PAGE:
The Alberta Court of Queen’s Bench recently upheld the no-fault provisions of the standard form, Canadian Association of Drilling Contractors (CAODC) Master Daywork Contract (MDC) in Precision Drilling Canada Limited Partnership v Yangarra Resources Ltd., 2016 ABQB 365 [Precision]. In Precision, Mr. Justice E.C. Wilson upheld the July 6 and October 14, 2015, decisions of Master J.T. Prowse (collectively, the Master’s Decision) granting Precision’s application for summary judgment against Yangarra and awarding Precision interest at a rate of 18 percent per annum on its unpaid invoices pursuant to the MDC.

Bennett Jones acts for Precision in this litigation.

Knock-for-Knock Regime

In western Canada, most conventional oil and gas wells are drilled under the 2001 standard form MDC negotiated by the Canadian Association of Petroleum Producers and the CAODC. The MDC contains a so-called ‘knock-for-knock’ or no-fault regime which differs from the common law in that risks for certain categories of loss and damage are allocated according to ownership or control, rather than fault. Generally speaking, parties to an MDC are responsible for all loss or damage to their own property and death or personal injury to their own employees, regardless of the negligence or other fault of the counterparty. Furthermore, the operator under an MDC generally assumes all risks for matters originating below the well-bore (e.g., a blow-out) with the contractor assuming all risks for matters arising above the well-bore (e.g., damage to the rig). However, it is important to note that unless a particular risk is identified and expressly allocated to either party, each party remains liable to the other for their own negligence.

The utility of a no-fault liability regime is widely recognized as providing two primary benefits. First, it eliminates the need for parties to obtain overlapping insurance coverage thereby reducing aggregate insurance premiums. Second, and more importantly, parties should be able to avoid complex, costly and protracted litigation because the need to determine fault and causation according to principles of contract and tort law is eliminated. Instead, by clearly allocating certain risks of loss to each party, the determination of liability should become a simple matter of contractual interpretation.

Background

Facts

In 2011/2012, Precision drilled three wells for Yangarra pursuant to an MDC and invoiced Yangarra approximately $3.5M for this work. However, Yangarra refused to pay based on an allegation that a Precision employee had mixed the wrong chemical into the drilling mud causing the rig to get ‘stuck in the hole’. Based on the clear allocation of risk in the MDC to Yangarra for this risk, Precision applied for summary judgment. In response, Yangarra raised a myriad of legal theories and defences including that the knock-for-knock provisions of the MDC should not be enforced because of alleged gross negligence, fraud, breach of duty of good faith and public policy considerations.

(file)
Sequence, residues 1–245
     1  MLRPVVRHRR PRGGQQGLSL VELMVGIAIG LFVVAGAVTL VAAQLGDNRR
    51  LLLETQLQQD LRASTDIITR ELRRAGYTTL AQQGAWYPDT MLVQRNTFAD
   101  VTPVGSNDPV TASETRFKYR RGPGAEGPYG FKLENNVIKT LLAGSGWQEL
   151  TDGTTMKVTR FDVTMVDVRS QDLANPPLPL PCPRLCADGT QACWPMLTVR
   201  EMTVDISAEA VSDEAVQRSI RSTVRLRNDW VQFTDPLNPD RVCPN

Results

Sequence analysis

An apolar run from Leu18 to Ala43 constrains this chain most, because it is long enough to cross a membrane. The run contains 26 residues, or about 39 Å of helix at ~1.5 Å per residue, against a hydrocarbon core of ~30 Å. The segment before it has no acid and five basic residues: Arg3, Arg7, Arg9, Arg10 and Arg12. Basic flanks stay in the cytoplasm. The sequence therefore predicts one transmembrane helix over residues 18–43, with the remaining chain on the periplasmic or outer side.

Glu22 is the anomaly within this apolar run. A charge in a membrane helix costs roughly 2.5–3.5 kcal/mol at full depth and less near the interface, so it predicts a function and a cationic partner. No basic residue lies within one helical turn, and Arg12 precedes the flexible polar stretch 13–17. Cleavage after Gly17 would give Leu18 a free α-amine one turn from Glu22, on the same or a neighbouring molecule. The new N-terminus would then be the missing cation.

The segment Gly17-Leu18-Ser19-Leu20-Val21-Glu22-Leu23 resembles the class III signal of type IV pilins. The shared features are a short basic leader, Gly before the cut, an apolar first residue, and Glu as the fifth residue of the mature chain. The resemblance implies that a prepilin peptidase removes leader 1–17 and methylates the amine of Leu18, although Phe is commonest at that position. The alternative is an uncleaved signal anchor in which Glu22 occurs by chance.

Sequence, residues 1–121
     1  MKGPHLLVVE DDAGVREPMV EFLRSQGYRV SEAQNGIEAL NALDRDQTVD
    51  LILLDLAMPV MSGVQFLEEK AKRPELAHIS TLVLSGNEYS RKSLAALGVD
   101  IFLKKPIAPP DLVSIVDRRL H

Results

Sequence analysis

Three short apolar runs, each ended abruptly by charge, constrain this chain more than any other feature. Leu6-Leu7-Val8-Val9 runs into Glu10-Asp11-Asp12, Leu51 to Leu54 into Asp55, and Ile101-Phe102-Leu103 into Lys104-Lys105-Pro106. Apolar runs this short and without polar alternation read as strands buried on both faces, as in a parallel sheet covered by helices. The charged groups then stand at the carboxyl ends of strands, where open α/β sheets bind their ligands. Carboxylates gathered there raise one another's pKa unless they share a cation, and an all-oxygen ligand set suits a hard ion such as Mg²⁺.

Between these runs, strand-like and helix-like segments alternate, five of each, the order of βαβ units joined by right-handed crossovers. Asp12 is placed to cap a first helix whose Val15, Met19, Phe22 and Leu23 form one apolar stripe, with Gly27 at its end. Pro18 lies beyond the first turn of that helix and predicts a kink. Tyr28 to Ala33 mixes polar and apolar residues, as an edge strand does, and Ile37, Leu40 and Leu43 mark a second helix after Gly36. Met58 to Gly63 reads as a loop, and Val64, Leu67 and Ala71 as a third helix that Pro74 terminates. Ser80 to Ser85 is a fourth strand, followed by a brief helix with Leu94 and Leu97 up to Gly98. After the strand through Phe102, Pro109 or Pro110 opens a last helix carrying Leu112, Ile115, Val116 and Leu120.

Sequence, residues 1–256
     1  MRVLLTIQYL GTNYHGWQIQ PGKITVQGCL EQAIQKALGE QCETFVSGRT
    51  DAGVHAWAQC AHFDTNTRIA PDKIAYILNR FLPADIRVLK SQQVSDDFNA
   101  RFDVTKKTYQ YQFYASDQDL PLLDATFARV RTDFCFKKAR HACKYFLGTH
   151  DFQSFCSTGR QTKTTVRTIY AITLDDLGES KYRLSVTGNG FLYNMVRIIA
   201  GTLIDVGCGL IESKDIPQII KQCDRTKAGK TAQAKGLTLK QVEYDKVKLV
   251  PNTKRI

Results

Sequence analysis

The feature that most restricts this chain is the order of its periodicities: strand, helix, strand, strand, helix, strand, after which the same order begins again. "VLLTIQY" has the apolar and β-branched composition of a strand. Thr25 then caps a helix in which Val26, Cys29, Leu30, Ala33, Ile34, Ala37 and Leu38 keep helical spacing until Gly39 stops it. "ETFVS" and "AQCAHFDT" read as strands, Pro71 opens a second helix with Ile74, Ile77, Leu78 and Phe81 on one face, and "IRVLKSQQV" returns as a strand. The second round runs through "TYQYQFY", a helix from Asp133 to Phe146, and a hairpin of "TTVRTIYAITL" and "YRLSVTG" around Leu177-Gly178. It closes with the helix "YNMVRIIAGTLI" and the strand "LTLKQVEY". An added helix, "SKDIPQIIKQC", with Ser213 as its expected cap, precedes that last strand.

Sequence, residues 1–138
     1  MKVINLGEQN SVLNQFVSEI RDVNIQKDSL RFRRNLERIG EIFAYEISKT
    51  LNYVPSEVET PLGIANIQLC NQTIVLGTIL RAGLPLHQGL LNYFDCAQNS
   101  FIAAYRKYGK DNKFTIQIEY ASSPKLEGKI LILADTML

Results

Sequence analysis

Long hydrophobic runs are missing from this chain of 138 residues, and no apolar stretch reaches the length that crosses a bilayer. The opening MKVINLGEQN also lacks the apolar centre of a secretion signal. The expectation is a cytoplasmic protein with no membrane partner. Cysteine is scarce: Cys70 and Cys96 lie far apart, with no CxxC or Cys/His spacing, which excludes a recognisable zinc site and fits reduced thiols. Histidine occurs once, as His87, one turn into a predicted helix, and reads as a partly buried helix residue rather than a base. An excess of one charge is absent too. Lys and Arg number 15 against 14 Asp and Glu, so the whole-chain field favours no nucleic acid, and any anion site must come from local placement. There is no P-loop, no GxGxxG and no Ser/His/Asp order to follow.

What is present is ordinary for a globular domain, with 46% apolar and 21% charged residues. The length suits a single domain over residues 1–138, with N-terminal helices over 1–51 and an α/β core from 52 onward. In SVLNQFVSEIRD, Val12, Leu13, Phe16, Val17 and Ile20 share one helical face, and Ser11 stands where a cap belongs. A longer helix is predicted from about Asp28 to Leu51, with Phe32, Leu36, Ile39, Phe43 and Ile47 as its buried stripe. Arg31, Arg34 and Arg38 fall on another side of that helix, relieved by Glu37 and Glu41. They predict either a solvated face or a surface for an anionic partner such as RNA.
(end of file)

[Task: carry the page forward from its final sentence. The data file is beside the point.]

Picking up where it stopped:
Decision of Master Prowse, Q.C.

On July 17, 2015, Master Prowse granted Precision’s application for summary judgment finding that Yangarra’s losses were “exactly the type of loss envisaged by the bilateral no fault contract between the parties”. In a follow-up decision issued on October 14, 2015, Master Prowse also rejected Yangarra’s argument that the 18 percent per annum interest provision under the MDC amounted to an unenforceable penalty.

Appeal Decision of Justice E.C. Wilson

Yangarra appealed Master Prowse’s decision and on June 30, 2016, Justice Wilson dismissed this appeal concluding that Yangarra’s allegations of gross negligence, fraud, breach of duty of good faith, etc., “individually and cumulatively, lack merit”. Justice Wilson further rejected Yangarra’s argument that it would be contrary to public policy to enforce the MDC, noting that this was a private contract between two companies which did not impact the public interest.

Finally, the Court rejected Yangarra’s argument that the 18 percent per annum rate interest provision should not be enforced because it would amount to an unenforceable penalty. Justice Wilson held that the outstanding interest was only as large as it was because Yangarra decided not to pay and that it must “live with the consequences of that decision”.

Yangarra has filed an appeal of Justice Wilson’s decision.

Implications

When one considers only those costs incurred by an innocent party following a loss for which they have accepted the risk pursuant to an MDC, the no-fault provisions may appear unfair. However, when the bilateral sharing of risks between an operator and a contractor are viewed as a whole, this contractual approach makes much more sense. In particular, a no-fault risk regime allows companies involved in oil and gas drilling to anticipate and properly insure for risks undertaken and should allow each to avoid the delay and expense associated with complex litigation which would otherwise occur. However, to avoid surprises, it is critical that parties to an MDC carefully review and understand their rights, obligations and risks assumed before signing and before drilling commences.